Photographing guys can be challenging, because as a portrait and wedding photographer, I spend all of my time taking pictures of people who are not models and don’t know how to pose. To make things more difficult, most of my male subjects don’t even like to have their pictures taken. With that being said, I enjoy working with men and actually find it very easy because I have found five tips that help me capture priceless portraits every time.
1. Have Fun
The first step in my mind is the easiest and most important. Your subjects will be looking to you for guidance, because we have been trained from an early age to stop and say cheese when somebody is taking your picture. The problem with “posed” portraits is your pictures will all look stiff and boring. The popular buzz word over the last few years is photojournalism. But if you were to only work with that mindset you would never get any official shots, and I think it’s being lazy. I know we are getting paid to take pictures, but as a good photographer you need to be engaged with your clients. The more fun and engaged your are with your clients, the more open they will become to the camera. In a way, your subjects truly decide whether your pictures pop or not. If you take the most amazing technical images but your clients don’t like you and don’t open up, the images will lack emotion. In the end, as photographers we are there to capture emotions.
When you are taking pictures of your clients you still need to pose them to a point. Remember as a photographer, you’re still responsible for the images background, foreground, and composition. What I recommend is putting your subject where you want them so the light and other photographic elements are good, but have fun with your subject and encourage them to joke around with you. Trust me; this will make the experience for your client much more enjoyable, which will show in the images.
Let me start by saying hands are difficult, and actually my least favorite part of takings portraits. I feel like hands look like dead blobs attached to a subject’s arms. I also think if your subject’s hands are just at their side it destroys even the best of photographs. I have a hard time describing it, but hands at the side look like your subject has no interest in the photograph. Often when I start taking pictures my subject will ask me, “What do I do with my hands?”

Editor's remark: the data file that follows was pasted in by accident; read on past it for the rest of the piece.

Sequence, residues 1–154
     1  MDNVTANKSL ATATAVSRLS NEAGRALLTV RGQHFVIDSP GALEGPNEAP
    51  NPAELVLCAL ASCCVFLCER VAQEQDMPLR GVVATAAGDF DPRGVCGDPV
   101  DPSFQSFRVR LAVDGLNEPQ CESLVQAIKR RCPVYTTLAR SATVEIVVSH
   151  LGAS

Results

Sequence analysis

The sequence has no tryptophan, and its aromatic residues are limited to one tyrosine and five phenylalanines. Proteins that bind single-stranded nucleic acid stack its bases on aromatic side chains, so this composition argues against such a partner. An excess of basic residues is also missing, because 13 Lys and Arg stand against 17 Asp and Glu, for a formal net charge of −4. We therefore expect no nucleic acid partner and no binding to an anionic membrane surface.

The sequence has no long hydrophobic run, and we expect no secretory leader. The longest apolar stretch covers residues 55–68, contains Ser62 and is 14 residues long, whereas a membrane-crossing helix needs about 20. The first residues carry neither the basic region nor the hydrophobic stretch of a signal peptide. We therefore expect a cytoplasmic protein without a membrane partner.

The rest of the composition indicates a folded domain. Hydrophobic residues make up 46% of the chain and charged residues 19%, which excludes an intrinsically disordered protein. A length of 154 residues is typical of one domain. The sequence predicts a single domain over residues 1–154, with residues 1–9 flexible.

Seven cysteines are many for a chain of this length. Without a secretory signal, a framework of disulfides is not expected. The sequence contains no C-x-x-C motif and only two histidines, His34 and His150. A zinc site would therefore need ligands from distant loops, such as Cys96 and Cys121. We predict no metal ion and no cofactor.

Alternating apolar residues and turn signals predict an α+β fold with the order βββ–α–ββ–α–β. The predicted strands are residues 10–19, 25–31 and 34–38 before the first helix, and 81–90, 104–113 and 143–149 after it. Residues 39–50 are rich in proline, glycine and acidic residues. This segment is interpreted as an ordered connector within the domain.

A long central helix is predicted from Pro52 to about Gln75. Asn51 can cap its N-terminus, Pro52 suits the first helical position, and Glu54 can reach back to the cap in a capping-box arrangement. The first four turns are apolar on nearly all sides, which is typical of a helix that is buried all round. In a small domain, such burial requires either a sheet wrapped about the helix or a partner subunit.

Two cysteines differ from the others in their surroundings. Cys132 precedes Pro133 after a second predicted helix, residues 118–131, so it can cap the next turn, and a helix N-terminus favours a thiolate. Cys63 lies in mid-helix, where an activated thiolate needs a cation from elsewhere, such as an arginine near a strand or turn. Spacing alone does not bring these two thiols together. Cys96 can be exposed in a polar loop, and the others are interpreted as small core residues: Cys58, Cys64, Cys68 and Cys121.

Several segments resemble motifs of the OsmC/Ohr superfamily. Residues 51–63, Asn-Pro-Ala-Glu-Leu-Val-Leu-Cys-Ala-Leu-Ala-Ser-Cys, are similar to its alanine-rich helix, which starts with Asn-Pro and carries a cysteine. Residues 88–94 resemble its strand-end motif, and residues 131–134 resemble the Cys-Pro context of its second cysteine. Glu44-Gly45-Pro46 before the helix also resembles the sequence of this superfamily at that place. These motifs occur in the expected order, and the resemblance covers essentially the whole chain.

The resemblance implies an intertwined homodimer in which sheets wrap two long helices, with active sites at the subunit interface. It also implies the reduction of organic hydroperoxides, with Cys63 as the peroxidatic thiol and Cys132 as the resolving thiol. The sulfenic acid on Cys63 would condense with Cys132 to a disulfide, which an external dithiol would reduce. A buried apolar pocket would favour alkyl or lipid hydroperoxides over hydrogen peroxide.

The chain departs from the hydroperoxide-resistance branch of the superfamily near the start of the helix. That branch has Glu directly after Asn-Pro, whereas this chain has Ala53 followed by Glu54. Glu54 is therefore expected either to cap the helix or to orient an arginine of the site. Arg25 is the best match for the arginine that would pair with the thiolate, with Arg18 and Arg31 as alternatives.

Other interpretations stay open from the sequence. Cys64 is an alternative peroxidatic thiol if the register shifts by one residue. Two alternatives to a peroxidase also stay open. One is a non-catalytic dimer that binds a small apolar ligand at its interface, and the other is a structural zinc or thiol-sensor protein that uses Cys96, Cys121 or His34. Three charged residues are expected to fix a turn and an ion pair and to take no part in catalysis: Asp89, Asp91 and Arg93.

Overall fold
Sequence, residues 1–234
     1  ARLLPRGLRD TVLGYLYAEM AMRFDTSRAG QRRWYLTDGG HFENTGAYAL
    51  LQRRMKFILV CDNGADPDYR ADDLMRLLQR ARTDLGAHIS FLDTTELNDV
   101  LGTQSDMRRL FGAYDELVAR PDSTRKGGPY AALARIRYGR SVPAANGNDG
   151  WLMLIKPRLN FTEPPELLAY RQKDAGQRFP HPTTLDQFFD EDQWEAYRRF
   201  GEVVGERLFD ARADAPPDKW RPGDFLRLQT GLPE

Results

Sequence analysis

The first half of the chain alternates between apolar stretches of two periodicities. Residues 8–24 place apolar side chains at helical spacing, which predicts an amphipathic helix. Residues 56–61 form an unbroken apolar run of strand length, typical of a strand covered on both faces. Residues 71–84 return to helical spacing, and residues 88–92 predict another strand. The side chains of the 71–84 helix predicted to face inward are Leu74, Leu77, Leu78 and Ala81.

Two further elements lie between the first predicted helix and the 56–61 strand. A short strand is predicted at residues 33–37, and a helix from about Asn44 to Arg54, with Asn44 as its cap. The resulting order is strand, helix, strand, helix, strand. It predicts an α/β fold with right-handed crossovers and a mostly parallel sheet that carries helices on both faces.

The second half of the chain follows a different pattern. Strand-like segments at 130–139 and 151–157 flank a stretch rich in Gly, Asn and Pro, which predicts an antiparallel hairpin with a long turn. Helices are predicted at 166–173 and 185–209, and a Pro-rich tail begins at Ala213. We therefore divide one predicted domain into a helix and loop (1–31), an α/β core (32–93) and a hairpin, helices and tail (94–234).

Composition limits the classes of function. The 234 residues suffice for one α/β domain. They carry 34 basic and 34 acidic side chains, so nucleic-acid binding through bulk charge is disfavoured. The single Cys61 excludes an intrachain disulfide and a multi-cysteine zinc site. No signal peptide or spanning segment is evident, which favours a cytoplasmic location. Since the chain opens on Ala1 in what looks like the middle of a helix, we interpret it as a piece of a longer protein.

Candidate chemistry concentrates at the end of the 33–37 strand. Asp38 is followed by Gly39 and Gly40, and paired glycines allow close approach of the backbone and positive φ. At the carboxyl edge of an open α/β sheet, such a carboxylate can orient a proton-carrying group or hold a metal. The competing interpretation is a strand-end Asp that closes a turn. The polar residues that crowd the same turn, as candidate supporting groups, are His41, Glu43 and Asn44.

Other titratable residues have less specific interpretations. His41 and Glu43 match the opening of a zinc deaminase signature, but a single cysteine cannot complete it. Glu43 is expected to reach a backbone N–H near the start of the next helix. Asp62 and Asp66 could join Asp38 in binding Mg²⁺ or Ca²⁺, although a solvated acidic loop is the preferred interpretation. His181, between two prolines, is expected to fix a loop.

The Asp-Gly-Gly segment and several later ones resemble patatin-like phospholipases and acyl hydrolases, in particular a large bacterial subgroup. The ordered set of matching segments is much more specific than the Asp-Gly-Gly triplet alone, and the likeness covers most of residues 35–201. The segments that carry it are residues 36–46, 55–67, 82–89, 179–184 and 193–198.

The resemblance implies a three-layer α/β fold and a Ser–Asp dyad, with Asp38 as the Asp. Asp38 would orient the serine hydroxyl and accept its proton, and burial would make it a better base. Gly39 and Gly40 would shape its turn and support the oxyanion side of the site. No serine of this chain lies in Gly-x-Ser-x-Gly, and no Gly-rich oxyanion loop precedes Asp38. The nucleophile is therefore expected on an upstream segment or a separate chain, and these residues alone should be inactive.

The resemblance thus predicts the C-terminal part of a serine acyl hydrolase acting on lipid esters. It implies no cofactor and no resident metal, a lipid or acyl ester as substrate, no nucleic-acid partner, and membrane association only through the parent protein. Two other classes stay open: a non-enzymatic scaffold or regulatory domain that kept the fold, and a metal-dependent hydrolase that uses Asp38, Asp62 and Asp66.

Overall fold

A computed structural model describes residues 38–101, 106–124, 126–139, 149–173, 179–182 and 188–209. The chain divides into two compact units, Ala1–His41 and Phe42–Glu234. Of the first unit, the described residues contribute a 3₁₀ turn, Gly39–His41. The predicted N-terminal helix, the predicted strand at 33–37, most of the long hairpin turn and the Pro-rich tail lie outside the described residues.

Start looking at pictures in catalogs or advertising campaigns and you will notice the subjects’ hands are always doing something. I call this giving your hands a task, if you have your subject do something with their hands your images will look more engaging. If the subject is in a suit I often have them put a hand in their pocket, or I have them lean on a wall which gives them a place to put their hands. Another idea for hands is to have them hold something. This can be anything from a coffee cup to their jacket. Remember give your subjects hands a task or your subject will look/feel funny.
Your subject is the most important part of the image, but please don’t forget your environment. When I am taking portraits I spend most of my time thinking about the environment, framing, composition, and depth of field. Most newer photographers forget to think about this part. I have seen tons of pictures where the subject is looking good and having fun but it was shot on a flat background. When I say flat background I am saying it’s a view of the water or a grass field. Don’t get me wrong; a scenic background is great. But if you want your pictures to stand above the rest, find ways to add depth to your images. Picking a good environment can make a complete difference in a picture.